Alcohol and aspirin are not a good mix. Taking alcohol with aspirin can increase the risk of stomach bleeding or otherwise affect how the drug works in your body. Ask your doctor or read the label carefully to find out the maximum number of drinks you can have between doses.

Aspirin and Children - a Special Warning

Aspirin and kids don't always mix.

Aspirin is known to cause a rare disease in minors called Reye's Syndrome, which has devastating and even lethal outcomes. If you do give aspirin to your child, monitor them carefully to be sure they are not taking more than the recommended dose. Overdosing is particularly dangerous in children.

One effective way to do this is to keep the aspirin bottle out of their reach. Another is to never give a child an adult version of aspirin.

Symptoms in children that require immediate medical attention include changes in behavior, drowsiness, and/or fast or deep breathing.

 

Source:

Berkeley Wellness. Is Enteric-Coated Aspirin Safer? Berkeley Wellness Newsletter. April 2013. http://www.berkeleywellness.com/self-care/over-counter-products/article/enteric-coated-aspirin-safer

Cryer, B., Mahaffey, K. J Multidiscip Healthc. Gastrointestinal ulcers, role of aspirin, and clinical outcomes: pathobiology, diagnosis, and treatment March 2014. https://www.ncbi.nlm.nih.gov/pmc/articles/PMC3970722/

Other Health Problems and Aspirin

If you are breastfeeding, pregnant (or are trying to get pregnant), have stomach problems, lupus, asthma, heart failure, high blood pressure or kidney disease, vitamin K deficiency, nasal polyps, anemia, bleeding or clotting problems or you are a smoker, consult your doctor before trying aspirin.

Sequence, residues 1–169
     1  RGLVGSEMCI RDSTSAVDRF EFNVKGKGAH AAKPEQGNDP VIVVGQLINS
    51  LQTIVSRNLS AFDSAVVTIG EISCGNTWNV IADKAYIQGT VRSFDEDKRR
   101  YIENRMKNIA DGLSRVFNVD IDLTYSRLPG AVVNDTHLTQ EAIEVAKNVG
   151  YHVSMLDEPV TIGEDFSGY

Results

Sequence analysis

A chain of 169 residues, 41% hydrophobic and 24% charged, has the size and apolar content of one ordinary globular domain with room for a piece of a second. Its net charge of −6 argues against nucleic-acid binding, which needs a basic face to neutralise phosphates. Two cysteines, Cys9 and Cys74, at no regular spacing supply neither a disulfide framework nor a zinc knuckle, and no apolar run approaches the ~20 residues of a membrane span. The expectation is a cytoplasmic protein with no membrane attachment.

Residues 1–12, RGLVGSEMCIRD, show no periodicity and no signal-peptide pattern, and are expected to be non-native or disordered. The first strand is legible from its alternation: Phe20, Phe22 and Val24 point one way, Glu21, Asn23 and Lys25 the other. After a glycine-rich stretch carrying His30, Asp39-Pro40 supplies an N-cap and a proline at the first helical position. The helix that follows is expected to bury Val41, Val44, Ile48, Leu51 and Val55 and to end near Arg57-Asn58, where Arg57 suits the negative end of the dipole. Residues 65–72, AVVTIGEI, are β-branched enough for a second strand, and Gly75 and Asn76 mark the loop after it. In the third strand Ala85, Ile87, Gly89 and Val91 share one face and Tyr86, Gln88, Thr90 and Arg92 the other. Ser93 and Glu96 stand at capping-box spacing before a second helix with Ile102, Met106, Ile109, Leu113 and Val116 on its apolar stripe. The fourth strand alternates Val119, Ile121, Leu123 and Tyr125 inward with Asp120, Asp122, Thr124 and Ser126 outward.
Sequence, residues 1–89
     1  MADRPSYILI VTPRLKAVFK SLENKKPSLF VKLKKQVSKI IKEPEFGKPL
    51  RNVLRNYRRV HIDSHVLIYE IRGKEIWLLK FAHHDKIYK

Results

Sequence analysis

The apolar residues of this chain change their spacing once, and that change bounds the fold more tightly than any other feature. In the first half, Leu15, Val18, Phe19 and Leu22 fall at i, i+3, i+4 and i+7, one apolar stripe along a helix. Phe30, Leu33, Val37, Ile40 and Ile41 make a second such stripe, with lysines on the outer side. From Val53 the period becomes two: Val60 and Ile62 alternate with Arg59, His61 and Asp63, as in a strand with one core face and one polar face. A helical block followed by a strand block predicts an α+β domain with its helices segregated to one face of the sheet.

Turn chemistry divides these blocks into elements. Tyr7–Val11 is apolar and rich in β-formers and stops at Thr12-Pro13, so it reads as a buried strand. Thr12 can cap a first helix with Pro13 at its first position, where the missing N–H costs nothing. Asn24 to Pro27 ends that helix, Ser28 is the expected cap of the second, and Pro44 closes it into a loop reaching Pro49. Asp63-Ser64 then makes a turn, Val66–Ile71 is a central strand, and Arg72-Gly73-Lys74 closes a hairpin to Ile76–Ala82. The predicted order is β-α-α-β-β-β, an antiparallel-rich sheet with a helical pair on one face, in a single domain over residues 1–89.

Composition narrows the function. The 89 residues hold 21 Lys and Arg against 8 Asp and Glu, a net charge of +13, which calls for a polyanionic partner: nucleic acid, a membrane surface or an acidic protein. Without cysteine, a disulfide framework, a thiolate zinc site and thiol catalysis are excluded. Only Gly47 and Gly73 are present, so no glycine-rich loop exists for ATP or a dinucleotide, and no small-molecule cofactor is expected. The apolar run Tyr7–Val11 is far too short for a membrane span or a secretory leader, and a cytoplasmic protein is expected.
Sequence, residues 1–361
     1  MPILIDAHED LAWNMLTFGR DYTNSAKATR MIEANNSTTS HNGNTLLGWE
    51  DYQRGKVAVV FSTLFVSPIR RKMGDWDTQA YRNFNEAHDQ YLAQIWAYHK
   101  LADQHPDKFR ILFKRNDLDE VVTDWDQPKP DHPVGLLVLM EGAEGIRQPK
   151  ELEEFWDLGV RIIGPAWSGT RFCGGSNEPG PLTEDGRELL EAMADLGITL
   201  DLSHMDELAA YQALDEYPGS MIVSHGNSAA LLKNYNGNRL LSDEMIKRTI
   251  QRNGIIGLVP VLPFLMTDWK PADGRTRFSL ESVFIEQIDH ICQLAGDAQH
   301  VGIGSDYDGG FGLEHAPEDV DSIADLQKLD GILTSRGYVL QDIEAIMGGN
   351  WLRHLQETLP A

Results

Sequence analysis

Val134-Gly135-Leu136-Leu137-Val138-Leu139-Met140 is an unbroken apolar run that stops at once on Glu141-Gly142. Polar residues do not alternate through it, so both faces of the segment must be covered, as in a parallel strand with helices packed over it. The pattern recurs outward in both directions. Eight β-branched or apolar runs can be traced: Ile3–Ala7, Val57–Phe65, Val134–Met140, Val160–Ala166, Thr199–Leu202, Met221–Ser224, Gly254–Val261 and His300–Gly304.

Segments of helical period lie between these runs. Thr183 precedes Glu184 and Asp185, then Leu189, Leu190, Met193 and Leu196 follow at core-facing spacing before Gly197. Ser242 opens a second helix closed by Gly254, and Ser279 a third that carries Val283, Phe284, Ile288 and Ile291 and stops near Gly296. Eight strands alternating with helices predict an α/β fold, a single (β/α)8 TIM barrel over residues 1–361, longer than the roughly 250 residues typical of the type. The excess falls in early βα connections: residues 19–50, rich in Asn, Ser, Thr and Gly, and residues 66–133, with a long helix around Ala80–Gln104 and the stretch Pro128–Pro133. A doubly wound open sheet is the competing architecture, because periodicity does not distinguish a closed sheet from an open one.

Other Medications and Aspirin

It is a good idea to consult with your doctor before adding aspirin your current medication mix, as number of substances may interact with it.

Interactions may occur not only with medications, such as other NSAIDs, but also with some herbal supplements or recreational drugs. If you take medication for diabetes, gout or seizure, or you take hormones, antacids, blood thinning medication, or other aspirin products, or if you are unsure about combining aspirin with what you currently take it's best to speak with your doctor about taking aspirin.

Storing Your Aspirin

Many people store medications, including aspirin, in their bathroom medicine chest, or in the kitchen, near the faucet. But to keep your aspirin in good working order, it is best to store it away from heat and moisture. If it smells like vinegar, it has likely begun to disintegrate and should be discarded.

Dosage

Take aspirin according to the instructions on the box. Don't take more pills than indicated or dose more frequently. Drink a full glass of water with the dose. If you take aspirin routinely, and you miss a dose, take it as soon as you can, unless it is almost time for the next dose.

If you have health problems, or are taking other medications, check with your doctor for the dosage information that is right for you.

Brands

Aspirin is readily available in generic form. There are also quite a few brands of aspirin. Common brand names for aspirin include (but are not limited to) Bayer, Ascriptin, Ecotrin, Empirin, ZORprin and others.

 

Sources:

Is Enteric-Coated Aspirin Safer? Berkeley Wellness. April 2013.

Brenner, GM, Stevens, CW, Pharmacology. 2nd ed. Saunders Elsevier. 2006. Philadelphia.

Hochadel, M., PhD., ed., The AARP Guide to Pills., Gold Standard Publishers. Tampa, Fl 2006.

Perez-Pena,. Secrets of the Mummy. New York Times. Sept 2005.

How Aspirin Works. The Neurology Reading Room. The Johns Hopkins Hospital website. Dec 2002.

Raffa, R., Rawls, S., Beyzarov, E. Netter's Illustrated Pharmacology. Icon Learning Systems. Teterborough, NJ. 2005

Salicylates (Systemic). Drugs.com website. Nov 2007.

Stringer, J. Basic Concepts in Pharmacology. 3rd ed. McGraw Hill. 2006.